Top RVs Nearby
“Sounds great… but do I need a special license to drive an RV?”
It’s one of the most common questions we hear when we’re telling people about the awesomeness that is this style of travel. And the good news is, in the majority of cases, no, you do not need a special license to drive an RV.
That said, there are some more specific RV license requirements to keep an eye on, depending on the total weight of the vehicle and the state you’re planning to drive it in. But don’t worry! We’ve got everything broken down in this post so you can hit the road without any second thoughts.
Do You Need a Special License to Drive an RV?
If you’re a licensed driver in any U.S. state, that plastic card you already have in your wallet is more than likely already enough license to drive an RV. That is -- so long as you’re looking to drive and rent an RV of a normal size.
Some states do have special licensing requirements for driving a vehicle that weighs more than 26,000 pounds, and in other areas, you may need special licensing to drive a vehicle built for more than 16 passengers.
So what does that mean to the average RVer? Do you need a special license to drive a big class A or fifth wheel travel trailer?
RV Drivers License Requirements
Here’s the good news: vehicles under 26,000 pounds don’t require a special license in any one of the 50 states. And the vast majority of RVs fit that description.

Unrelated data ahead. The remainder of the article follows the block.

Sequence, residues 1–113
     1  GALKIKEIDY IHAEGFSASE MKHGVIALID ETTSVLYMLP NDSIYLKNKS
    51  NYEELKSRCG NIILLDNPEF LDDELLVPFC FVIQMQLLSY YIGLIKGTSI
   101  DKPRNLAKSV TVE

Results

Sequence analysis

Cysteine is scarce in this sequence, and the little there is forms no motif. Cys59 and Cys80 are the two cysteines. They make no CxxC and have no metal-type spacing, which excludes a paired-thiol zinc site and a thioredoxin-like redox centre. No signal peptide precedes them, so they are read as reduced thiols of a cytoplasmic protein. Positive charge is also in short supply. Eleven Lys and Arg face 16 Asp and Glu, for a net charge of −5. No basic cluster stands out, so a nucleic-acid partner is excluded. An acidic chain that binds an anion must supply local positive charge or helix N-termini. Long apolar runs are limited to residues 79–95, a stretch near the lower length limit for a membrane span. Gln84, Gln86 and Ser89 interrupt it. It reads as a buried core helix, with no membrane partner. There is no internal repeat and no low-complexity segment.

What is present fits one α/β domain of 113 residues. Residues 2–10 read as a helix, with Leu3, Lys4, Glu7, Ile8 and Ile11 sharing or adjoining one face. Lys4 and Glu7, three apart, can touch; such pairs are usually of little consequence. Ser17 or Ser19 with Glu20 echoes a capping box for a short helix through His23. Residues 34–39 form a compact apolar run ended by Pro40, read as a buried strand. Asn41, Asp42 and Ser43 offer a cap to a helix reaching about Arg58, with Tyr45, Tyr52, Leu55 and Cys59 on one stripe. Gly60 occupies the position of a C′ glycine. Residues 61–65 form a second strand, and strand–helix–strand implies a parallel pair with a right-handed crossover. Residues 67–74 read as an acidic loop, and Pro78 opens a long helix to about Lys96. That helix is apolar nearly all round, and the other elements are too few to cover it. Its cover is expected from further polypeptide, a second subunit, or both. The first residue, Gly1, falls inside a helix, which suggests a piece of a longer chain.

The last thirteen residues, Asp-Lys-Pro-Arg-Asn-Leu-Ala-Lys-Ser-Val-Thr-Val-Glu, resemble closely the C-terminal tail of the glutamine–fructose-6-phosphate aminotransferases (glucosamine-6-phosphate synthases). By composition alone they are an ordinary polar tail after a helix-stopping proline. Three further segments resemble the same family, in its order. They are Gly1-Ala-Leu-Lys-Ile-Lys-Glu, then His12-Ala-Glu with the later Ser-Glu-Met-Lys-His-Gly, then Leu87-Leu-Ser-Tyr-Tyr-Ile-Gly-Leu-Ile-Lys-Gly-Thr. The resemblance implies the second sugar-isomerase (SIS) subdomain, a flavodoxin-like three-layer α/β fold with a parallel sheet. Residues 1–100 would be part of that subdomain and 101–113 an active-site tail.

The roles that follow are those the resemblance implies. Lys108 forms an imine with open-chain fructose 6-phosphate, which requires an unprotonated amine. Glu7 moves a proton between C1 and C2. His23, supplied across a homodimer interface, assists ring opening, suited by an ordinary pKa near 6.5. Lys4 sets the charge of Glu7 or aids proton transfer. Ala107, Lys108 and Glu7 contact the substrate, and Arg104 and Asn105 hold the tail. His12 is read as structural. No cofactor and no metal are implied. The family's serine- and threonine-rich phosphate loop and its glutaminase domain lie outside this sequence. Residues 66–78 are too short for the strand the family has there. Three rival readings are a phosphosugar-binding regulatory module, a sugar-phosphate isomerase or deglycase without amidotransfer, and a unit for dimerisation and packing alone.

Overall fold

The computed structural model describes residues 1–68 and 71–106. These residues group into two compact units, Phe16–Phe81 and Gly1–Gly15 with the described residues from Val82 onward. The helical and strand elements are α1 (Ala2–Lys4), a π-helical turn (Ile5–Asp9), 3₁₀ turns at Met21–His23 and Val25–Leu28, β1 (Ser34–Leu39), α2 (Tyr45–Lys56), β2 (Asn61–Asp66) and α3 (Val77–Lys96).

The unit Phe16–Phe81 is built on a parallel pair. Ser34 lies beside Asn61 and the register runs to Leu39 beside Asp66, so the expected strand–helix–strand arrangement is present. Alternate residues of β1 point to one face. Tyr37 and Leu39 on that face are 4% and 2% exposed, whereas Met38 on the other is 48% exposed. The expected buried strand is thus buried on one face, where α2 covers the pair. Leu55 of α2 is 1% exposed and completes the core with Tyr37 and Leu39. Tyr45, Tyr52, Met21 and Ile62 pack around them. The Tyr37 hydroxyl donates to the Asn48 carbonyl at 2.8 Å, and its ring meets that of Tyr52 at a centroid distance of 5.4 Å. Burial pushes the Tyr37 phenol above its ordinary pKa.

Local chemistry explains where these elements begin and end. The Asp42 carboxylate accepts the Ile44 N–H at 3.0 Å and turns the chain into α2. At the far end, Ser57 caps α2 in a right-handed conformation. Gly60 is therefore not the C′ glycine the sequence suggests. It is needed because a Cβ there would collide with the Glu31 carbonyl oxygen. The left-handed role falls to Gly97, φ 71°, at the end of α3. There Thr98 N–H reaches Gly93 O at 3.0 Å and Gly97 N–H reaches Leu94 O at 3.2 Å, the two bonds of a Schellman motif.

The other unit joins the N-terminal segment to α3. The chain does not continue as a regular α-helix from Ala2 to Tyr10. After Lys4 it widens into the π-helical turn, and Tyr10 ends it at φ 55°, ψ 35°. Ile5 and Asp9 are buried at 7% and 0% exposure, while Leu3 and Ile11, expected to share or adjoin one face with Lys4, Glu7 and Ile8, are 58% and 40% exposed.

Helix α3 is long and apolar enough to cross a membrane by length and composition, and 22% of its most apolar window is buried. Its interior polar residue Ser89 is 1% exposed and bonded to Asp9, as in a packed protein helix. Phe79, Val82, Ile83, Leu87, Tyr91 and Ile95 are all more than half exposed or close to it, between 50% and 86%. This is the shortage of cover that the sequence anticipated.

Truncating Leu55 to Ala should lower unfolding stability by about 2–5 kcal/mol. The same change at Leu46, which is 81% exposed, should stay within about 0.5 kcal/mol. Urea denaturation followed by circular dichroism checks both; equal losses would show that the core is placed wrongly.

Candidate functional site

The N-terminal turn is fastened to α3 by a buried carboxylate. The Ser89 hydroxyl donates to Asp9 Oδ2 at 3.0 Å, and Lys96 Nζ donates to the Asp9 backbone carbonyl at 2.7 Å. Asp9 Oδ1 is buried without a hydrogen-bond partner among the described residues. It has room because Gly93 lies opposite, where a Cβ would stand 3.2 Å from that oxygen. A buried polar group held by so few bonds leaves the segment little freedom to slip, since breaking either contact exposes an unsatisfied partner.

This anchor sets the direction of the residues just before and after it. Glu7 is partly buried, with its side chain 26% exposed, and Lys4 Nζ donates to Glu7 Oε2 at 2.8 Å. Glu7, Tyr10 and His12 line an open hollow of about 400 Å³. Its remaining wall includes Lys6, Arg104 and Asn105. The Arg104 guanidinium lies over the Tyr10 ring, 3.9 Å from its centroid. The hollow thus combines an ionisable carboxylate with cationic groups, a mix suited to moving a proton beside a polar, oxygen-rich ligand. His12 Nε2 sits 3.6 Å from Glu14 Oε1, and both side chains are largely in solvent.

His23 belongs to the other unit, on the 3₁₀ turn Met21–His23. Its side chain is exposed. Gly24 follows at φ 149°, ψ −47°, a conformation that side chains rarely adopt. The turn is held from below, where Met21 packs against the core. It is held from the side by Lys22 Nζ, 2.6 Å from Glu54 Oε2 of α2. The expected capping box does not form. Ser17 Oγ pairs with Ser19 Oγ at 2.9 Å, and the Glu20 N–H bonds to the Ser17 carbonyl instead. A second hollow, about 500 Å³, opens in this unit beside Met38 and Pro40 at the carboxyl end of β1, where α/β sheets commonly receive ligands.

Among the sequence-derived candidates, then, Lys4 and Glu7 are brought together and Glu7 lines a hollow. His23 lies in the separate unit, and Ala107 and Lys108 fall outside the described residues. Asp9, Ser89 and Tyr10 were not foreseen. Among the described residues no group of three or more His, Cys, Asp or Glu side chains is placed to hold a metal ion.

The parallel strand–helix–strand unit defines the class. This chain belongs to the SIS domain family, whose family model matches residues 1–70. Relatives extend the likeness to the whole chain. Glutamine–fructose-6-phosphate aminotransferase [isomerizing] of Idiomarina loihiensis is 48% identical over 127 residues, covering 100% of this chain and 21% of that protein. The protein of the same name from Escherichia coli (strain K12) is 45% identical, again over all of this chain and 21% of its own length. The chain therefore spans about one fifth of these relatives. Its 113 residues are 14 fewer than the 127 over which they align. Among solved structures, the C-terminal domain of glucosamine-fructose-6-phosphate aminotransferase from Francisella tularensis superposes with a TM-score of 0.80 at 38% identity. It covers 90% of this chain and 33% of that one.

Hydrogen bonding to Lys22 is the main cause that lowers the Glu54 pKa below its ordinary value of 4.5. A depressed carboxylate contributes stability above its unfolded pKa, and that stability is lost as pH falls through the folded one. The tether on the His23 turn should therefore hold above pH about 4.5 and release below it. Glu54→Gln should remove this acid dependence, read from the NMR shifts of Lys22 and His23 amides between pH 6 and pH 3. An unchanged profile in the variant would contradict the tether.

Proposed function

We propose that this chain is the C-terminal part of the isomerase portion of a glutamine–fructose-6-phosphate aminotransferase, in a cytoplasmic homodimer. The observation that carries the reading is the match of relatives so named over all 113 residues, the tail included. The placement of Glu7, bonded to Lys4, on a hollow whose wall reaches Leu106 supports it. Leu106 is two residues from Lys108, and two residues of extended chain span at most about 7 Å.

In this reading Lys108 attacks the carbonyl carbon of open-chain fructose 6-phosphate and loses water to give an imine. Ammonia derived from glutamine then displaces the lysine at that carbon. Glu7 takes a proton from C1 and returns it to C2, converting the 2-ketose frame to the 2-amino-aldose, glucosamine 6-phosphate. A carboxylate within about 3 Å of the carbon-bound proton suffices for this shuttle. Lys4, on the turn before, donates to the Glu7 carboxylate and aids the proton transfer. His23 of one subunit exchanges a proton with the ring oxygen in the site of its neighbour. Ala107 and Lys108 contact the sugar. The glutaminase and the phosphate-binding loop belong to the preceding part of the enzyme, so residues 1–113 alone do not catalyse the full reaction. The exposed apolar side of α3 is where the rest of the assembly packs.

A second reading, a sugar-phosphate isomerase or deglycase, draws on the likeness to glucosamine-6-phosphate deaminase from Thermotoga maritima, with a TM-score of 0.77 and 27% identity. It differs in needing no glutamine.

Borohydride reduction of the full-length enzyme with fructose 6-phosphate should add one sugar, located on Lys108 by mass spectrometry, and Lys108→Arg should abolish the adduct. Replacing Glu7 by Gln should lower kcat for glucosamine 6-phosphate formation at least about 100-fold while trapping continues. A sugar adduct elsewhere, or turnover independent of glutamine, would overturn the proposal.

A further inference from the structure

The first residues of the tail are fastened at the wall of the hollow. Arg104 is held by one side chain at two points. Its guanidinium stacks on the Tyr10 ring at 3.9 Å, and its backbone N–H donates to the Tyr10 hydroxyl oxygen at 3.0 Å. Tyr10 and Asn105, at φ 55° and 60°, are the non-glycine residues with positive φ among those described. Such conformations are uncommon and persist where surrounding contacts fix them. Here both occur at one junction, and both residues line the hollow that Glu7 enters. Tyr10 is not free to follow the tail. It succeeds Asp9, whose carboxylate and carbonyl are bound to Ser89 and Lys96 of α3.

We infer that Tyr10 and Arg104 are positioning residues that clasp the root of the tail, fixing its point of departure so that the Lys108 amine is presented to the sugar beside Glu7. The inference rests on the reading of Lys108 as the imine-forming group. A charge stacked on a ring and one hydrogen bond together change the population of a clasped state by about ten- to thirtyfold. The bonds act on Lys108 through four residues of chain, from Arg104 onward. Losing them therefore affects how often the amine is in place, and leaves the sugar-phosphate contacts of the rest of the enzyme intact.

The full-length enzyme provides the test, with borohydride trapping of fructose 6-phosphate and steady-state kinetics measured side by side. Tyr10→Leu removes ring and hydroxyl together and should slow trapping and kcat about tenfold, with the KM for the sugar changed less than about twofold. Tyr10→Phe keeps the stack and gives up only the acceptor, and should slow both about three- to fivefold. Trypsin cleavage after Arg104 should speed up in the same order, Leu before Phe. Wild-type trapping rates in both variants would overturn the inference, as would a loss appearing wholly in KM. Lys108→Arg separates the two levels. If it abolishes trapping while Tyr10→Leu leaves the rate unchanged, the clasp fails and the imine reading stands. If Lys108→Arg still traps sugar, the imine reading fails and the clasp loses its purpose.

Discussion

But if your rig weighs in any higher than that, you might be in need of a special license. So, while in most cases you won’t need to worry about meeting any fancy RV or motorhome license requirements, there are circumstances that will call for it. Along with the factors that determine where and when you’ll need a special license, there’s also two classes of license to be considered, commercial and non-commercial.
Do You Need a CDL to Drive an RV?
So, what’s a CDL, anyway -- and do you need a CDL to drive an RV?
A commercial license, commonly known as a CDL, is the same kind of license commercial bus-drivers and truckers get. A non-commercial special license may also be required by the state for those looking to drive large, weighty vehicles for their own private purposes.
We’ll dive more into that in just a minute. But first, let’s take a look at the three most popular types of motorhomes to see whether or not you’ll need a special license to hit the road.
Class A RV License Requirements
Class A motorhomes are actually one of the only types of rig that you may need a special license to drive. That’s because they can weigh anywhere between 13,000 and 30,000 pounds -- which is, of course, above that 26,000 pound threshold we’ve mentioned.
That said, the majority of Class A RVs aren’t that weighty, and therefore don’t require any special license requirements. Just be sure to double check the vehicle’s full, loaded weight before you set off to ensure you don’t run into any problems.
Class B RV License Requirements
With Class B motorhomes, you’re in the clear! These small and agile rigs already have the benefit of being navigable even down narrow or unpaved roads -- you know, the exact kind where you generally find the best boondocking sites.
Since Class B motorhomes tend to weigh between 6,000 and 8,000 pounds, there are no states where Class B RVs carry special license requirements.
Class C RV License Requirements